Mystery To Me (1973)

1. Emerald Eyes 2. Believe Me 3. Just Crazy Love 4. Hypnotized 5. Forever 6. Keep on Going 7. The City 8. Miles Away 9. Somebody 10.The Way I Feel 11.For Your Love 12.Why


After the failure of the Dave Walker "experiment" on the last album, Penguin, the band wisely continued without him, but keeping the rest of the lineup intact. They managed to release their biggest selling album to date. It's pretty amazing when you think that, at least during this time, these guys were putting out an album every 6-8 months. That in itself is a memorable feat, more so when you think of all the constant lineup shuffles that they were enduring.

Welch continues to be the "leader", or at least the most "visible" member of the group, and this album has him at his creative best. If anything, this album needs to be remembered for Welch's brilliant song Hypnotized that deserves consideration for the best Fleetwood Mac song pre 1975 (yes, that includes all the Peter Green stuff). Of course, many people never heard it. This really wasn't a "singles" band, and their albums really weren't big sellers either. That was o.k. back then. Record companies didn't expect that much, since they knew that these guys were at least a guarantee of maybe 100,000 copies sold for each album. They were more of a "B" list artist than anything else at that point.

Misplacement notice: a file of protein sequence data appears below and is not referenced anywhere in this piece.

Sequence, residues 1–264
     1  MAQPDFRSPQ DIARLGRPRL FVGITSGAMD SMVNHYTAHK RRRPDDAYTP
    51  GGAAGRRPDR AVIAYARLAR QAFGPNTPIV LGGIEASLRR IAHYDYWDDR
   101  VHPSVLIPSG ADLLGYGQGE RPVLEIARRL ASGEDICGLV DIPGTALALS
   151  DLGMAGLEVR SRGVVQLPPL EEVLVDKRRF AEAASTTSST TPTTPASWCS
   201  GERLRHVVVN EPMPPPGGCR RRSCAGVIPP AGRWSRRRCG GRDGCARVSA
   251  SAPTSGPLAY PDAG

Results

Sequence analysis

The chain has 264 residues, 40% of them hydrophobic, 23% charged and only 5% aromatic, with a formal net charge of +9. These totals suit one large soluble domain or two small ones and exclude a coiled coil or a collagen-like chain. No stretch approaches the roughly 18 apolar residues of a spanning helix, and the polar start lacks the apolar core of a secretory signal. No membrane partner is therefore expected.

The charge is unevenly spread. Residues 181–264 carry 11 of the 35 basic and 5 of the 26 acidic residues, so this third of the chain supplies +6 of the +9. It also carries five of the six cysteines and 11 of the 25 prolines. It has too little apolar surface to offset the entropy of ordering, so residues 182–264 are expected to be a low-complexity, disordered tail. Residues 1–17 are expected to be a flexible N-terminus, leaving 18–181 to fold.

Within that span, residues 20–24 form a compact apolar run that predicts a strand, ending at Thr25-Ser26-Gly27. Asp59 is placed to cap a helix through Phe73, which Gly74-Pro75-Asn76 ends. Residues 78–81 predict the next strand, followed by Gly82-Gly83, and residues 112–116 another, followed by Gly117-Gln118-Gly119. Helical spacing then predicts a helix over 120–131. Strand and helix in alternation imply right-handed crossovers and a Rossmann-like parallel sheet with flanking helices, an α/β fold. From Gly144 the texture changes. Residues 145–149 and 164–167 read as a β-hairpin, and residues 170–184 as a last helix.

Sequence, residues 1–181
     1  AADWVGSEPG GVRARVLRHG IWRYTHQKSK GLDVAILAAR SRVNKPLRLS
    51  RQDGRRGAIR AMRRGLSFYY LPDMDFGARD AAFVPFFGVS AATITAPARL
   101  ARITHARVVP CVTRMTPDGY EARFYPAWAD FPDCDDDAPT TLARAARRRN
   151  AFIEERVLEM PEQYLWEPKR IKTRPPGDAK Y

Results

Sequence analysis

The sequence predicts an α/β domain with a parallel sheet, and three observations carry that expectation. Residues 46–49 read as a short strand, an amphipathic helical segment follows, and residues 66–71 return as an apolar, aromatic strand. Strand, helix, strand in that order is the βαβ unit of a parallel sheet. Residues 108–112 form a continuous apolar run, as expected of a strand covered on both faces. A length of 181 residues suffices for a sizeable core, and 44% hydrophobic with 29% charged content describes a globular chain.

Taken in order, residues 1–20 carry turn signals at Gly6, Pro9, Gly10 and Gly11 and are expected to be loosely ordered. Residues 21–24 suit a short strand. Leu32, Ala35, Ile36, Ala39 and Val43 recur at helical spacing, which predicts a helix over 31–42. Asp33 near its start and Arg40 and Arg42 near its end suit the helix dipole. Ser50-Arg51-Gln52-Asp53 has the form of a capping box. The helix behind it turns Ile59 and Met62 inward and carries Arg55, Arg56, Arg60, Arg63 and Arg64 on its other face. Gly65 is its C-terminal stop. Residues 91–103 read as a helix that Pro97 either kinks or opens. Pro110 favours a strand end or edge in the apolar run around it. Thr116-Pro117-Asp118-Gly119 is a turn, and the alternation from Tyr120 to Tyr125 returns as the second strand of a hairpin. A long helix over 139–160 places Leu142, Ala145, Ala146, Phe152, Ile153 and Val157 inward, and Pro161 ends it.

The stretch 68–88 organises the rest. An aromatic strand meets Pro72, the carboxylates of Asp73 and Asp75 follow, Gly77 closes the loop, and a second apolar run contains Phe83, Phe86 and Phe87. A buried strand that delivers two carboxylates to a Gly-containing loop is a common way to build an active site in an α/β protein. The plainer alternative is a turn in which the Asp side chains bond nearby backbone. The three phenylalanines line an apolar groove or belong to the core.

Other Welch standouts are the album opener Emerald Eyes and the spacey cover For Your Love. His weirdness gets the best of him in places, such as in the paranoia induced tracks such as Miles Away and The City which sounds remarkably a bit like a Joe Walsh song, but in Welch's case, this was a bit expected since he tended to flirt quite heavily with the mystic sides of things. Christine McVie continues to write very memorable, catchy pop songs. All of her songs seem to be a bit generic in style, yet they never get old and always sound so refreshing. This band definitely needed an artist such as herself in the mix. It's a bit of a shame that when people associate her with this band, they only think of the time period from 1975 to the present. Fans of the classic period should, at the very least, check out her older tunes from this period. Her songs seem to only get better over time. Her strongest contribution is the beautiful, orchestral song Why that closes out the album.

With all of the lineup shuffles that this band encountered, especially in the early days, it becomes a bit of chore trying to compare one release to another that was released in roughly the same period. Safe to say that this one is a "thumbs up" in the early (well, not too early) phase of the career of Fleetwood Mac.

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